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Native Foods May Tackle Malnutrition in Vulnerable Tribal Communities in India

Despite their access to biodiverse resources, the tribal communities in India have a compromised nutritional status and a dismal quality of life owing to factors such as geographical isolation, financial insecurity, poor literacy, suboptimal living conditions, and poor health and social services.

According to the National Family Health Survey (2015-2016), the prevalence of chronic energy deficiency (CED) and anemia among women aged 15-49 years is higher in the tribal population compared to the general population.


For generations, Indigenous Peoples’ traditional food systems have maintained human health and natural environments. However, these biodiverse resources may not have received enough attention during the state’s land-use planning and implementation, economic development, and biodiversity conservation.

Contribution of Indigenous Foods to Address Malnutrition in Indian Tribal Communities

Therefore, dietary diversification [a strategy involving the incorporation of diverse food groups in a diet to improve micronutrient intake], along with a special focus on homestead food production and Indigenous food (IF) consumption, could improve health and nutritional well-being and may also offer social, economic, and environmental benefits for tribal communities.

This new study captured seasonal dietary intake conducted in 11 villages of the Khunti district, Jharkhand. Household surveys supplemented with 2-d 24-h dietary recall and anthropometric assessments on 1 randomly selected woman per household were conducted.

The study found that while the tribal communities had traditional ecological knowledge about a variety of indigenous foods, the consumption of these foods among women and children in all communities was inadequate with poor nutrient intake.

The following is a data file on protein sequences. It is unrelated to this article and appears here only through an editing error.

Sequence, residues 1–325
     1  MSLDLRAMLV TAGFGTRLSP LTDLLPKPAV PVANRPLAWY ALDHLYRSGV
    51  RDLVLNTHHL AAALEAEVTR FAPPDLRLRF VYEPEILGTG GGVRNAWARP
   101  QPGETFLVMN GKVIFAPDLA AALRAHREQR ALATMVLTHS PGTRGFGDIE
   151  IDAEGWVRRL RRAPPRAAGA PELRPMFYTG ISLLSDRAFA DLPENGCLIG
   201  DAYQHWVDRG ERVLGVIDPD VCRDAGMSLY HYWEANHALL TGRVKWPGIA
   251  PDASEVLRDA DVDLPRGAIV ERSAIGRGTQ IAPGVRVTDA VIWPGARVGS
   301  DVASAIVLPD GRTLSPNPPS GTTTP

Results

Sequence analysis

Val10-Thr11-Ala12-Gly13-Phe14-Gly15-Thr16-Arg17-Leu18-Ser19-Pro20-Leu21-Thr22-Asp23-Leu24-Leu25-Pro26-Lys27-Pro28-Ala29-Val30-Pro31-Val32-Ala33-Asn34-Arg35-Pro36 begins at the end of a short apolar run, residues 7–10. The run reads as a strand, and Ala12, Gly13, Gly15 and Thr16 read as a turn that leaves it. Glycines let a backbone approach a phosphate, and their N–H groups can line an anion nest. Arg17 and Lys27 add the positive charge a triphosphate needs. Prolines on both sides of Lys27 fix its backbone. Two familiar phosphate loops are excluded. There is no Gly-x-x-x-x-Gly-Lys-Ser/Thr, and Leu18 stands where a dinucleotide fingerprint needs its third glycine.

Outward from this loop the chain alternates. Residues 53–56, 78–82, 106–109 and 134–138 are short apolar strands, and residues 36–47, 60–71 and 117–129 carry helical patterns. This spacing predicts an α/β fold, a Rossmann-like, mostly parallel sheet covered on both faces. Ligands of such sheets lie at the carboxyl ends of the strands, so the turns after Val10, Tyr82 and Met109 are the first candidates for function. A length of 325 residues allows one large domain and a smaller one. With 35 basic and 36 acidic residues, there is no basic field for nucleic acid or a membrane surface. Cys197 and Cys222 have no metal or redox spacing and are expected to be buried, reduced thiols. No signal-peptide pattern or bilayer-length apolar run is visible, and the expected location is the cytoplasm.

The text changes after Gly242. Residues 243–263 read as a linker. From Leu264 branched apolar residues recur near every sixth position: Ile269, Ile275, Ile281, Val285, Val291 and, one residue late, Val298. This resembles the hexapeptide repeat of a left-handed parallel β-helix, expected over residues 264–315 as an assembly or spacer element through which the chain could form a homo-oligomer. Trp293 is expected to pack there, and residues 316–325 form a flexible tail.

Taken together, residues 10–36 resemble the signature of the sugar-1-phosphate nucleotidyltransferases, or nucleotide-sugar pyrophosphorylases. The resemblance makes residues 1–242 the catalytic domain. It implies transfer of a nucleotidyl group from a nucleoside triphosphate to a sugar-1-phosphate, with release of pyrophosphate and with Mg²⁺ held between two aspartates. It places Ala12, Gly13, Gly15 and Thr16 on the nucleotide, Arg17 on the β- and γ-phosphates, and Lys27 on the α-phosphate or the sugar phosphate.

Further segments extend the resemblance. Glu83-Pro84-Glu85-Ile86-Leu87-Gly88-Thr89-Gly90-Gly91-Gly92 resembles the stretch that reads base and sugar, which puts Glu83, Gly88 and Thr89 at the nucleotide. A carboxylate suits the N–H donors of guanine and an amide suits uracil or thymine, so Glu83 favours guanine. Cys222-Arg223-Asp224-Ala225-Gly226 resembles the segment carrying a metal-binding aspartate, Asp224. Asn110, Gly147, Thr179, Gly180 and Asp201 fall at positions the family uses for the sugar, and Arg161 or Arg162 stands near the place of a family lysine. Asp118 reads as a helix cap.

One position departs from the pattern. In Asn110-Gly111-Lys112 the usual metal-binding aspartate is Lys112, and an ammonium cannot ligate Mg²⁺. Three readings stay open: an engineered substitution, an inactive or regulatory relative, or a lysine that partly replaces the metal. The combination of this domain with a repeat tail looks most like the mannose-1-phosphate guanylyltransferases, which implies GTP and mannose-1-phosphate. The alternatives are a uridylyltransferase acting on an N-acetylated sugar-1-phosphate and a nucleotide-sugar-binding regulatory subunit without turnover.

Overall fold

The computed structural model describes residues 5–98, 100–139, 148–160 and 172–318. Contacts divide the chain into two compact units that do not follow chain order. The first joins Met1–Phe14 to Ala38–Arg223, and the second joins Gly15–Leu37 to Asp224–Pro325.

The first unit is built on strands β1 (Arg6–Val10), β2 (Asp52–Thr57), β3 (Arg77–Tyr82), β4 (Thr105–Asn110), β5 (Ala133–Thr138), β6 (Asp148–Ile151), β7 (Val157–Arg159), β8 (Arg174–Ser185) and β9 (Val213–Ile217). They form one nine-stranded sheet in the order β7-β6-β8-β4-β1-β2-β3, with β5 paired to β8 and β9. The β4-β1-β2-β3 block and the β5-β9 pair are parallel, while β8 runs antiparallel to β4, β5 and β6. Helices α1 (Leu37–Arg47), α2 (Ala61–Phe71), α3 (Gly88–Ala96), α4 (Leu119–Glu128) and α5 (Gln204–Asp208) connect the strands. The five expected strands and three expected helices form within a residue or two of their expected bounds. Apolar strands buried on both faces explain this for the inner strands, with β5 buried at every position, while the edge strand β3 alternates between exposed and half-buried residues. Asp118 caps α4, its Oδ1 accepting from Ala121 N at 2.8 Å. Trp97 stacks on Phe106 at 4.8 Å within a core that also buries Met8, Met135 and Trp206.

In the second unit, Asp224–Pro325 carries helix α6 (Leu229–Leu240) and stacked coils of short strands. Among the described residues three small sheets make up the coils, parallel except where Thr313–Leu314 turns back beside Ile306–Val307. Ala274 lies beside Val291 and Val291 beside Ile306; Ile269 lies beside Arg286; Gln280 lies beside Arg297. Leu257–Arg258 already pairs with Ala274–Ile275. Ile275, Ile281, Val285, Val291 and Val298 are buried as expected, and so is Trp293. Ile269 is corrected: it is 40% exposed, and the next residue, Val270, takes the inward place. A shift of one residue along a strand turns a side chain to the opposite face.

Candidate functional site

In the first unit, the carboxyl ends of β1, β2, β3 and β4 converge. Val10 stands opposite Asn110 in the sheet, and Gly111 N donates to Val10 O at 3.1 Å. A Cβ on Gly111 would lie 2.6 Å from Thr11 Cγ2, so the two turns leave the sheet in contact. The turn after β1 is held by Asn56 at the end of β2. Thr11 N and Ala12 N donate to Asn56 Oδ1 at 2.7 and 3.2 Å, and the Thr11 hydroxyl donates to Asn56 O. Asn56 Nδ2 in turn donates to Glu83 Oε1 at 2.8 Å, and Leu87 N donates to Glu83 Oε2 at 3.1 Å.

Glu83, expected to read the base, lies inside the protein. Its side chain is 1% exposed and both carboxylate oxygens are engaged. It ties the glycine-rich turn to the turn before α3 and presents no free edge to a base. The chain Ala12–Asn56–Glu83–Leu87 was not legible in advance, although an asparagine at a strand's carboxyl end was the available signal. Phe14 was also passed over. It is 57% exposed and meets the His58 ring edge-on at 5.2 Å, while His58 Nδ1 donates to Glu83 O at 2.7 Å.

Vitamin A and iron deficiency were observed among women of the Sauria Paharia and Santhal communities. Among the Munda women, there was a poor intake of all nutrients except protein and vitamin C, while the Ho community had an inadequate intake of all nutrients except for Vitamin A, Vitamin C, thiamin, and niacin.

A high prevalence of wasting, stunting, and low weight was observed in young children in all the tribes. It is possible to tackle undernutrition in these communities by implementing strategies such as agricultural extension programs that promote indigenous crop varieties and nutrition education sessions to increase dietary diversity using indigenous foods.

Qualitative discussions revealed that climate variability had a significant impact on the agroforestry systems, with reduced crop productivity, diversity, and food availability from forests and water bodies resulting in reduced consumption of indigenous foods.

The easy availability of cheap ultra-processed foods in local markets was seen to create a shift in dietary patterns, and the promotion of hybrid seeds by local agricultural organizations led to reduced production of indigenous varieties.

Integrated Approaches toward Improved Nutrition Outcomes

The COVID-19 pandemic further jeopardized food security globally, with heightened threats for the most vulnerable, including smallholder farmers and rural indigenous populations. The pandemic significantly impacted food security, agricultural practices, and the availability and accessibility of indigenous foods.

However, the study also identified potential resilience factors, against the impact of the COVID-19 pandemic on indigenous food systems such as accessibility to agricultural inputs like indigenous seeds, availability of family labor due to back migration, and access to diverse food sources.

It is recommended that in addition to increasing the demand for locally produced foods, it is important to promote the creation of community seed banks for distributing indigenous seeds, educating indigenous communities on sustainable farming methods to preserve local landraces and drought-resistant varieties, and supporting communities in establishing home gardens.

Nutrition education sessions that reinforce traditional ecological knowledge and raise awareness about the nutritional significance of indigenous foods should also be encouraged. These actions are essential for promoting resilient, nutritious, and sustainable food systems.

Source: Medindia

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